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Will a new law dent the need for cyber skills?

Joining the profession

08:30 Monday, 20 December 2021

UK Cyber Security Council

A new law being introduced to Parliament and sponsored by the Department for Digital, Culture, Media and Sport, aims to compel tech manufacturers and their distributors and importers get the basic cyber security elements of what they do correct - moving away from poor default passwords, being transparent about vulnerabilities that are discovered, and the like.

Imagine that: a law that forces vendors to make stuff that's secure. We will have, for the first time, equipment manufacturers bound by law to do security properly. So, will this have any negative effect on the need for cyber security professionals?

In a word: no - for a variety of reasons.

First, the new law only scratches the surface. Sorting out default passwords and keeping on top of patches for vulnerabilities is a very low-level task anyway, and one that should take minutes each week for the average cyber person. All the new law is really doing defining basic technical measures that vendors should already be doing anyway.

Second, although proper admin passwords and patches are important in cyber, they are only one component of the big picture. Much more crucial is the component that introduces most of the security issues in systems: people. In this sense we don't mean people in the context of unwitting users clicking on links in scam emails (though they are of course a source of risk) but rather the people who design, build and maintain the systems.

The problem is the same with any system: no matter what security features are built in, there is generally plenty of scope for the IT team to configure it wrongly - that is, insecurely. Any security mechanism can be defeated by a bit of unwitting or incompetent design or implementation, after all. Like we said, the elements of security that the new law will deal with are just a small part of the problem.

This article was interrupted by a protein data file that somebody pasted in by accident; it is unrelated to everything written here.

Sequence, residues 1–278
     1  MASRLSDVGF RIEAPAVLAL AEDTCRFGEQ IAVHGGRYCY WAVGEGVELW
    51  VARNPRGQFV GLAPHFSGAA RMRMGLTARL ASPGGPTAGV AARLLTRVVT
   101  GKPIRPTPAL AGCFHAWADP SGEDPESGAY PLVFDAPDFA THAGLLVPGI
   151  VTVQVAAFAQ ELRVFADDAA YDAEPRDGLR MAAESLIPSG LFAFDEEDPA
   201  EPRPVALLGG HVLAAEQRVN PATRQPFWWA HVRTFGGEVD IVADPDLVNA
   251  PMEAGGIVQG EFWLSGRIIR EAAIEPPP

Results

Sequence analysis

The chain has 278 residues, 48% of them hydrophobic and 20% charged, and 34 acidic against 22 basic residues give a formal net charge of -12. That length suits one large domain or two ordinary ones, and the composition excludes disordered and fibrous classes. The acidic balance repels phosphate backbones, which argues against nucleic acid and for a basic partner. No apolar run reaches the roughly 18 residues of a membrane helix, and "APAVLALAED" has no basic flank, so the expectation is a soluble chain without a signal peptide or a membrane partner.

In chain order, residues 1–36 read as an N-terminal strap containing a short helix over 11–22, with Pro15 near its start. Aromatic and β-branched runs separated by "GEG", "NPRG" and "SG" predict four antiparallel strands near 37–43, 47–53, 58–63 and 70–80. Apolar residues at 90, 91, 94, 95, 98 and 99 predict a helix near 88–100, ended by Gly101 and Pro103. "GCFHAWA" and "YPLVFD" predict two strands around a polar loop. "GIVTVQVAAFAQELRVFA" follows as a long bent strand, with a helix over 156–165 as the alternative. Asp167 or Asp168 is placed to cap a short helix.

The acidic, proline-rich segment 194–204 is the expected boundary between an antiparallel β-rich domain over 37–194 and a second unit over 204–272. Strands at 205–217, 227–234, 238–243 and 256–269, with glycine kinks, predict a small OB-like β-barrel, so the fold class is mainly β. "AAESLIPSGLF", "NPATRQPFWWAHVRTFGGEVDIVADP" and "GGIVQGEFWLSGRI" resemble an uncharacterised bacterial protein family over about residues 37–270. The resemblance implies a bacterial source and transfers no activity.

And anyway, even with the vendors making sure we are aware of vulnerabilities and patches for them, nothing much changes with regard to how we monitor our equipment. And the reason is simple: knowing that version X.Y.Z of a device's operating software has a vulnerability is one thing, but we still need to monitor our systems so we know what versions our systems are running, and whether the vulnerabilities are relevant to our use cases.

And there is one final reason that the new law doesn't put cyber professionals out of business: it's a consumer-focused law. And by “consumer", the legislation means: “an individual acting for purposes that are wholly or mainly outside the individual's business". Which is unsurprising, of course, because it's the consumers that most need to be protected. And this is precisely because businesses have cyber security professionals who already know (or, at least, we hope they already know) how to change default passwords; they can generally afford some kind of toolkit to monitor the infrastructure and inform us when things are vulnerable or out of date. It's the consumers the government seeks to defend by legislating some basic security requirements for manufacturers, importers and wholesalers.

And anyway, legislation alone will never put cyber security professionals out of a job, or will make their skills irrelevant. And let's face it, the vast majority of businesses are getting better at dealing with the very basic security requirements demanded by the new law - requirements that align with standards such as Cyber Essentials which are already pretty well known and popular, and whose guidance includes vulnerability and password management.

So, while the new law is an important step for consumers, our business cyber skills will be required for some time yet.